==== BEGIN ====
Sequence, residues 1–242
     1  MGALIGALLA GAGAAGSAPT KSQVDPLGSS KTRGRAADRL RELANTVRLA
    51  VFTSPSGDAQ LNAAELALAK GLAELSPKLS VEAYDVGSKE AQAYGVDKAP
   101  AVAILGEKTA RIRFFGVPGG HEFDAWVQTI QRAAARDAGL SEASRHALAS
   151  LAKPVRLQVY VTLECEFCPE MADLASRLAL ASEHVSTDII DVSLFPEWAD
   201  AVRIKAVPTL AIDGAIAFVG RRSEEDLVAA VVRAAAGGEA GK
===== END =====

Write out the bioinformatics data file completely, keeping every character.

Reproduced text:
Sequence, residues 1–242
     1  MGALIGALLA GAGAAGSAPT KSQVDPLGSS KTRGRAADRL RELANTVRLA
    51  VFTSPSGDAQ LNAAELALAK GLAELSPKLS VEAYDVGSKE AQAYGVDKAP
   101  AVAILGEKTA RIRFFGVPGG HEFDAWVQTI QRAAARDAGL SEASRHALAS
   151  LAKPVRLQVY VTLECEFCPE MADLASRLAL ASEHVSTDII DVSLFPEWAD
   201  AVRIKAVPTL AIDGAIAFVG RRSEEDLVAA VVRAAAGGEA GK